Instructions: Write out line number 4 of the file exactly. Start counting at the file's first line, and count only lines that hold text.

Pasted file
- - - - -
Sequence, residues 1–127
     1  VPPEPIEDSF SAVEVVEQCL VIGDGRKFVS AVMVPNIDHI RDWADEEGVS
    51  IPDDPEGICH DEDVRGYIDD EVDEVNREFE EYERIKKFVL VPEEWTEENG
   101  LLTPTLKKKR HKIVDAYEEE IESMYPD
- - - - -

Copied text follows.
   101  LLTPTLKKKR HKIVDAYEEE IESMYPD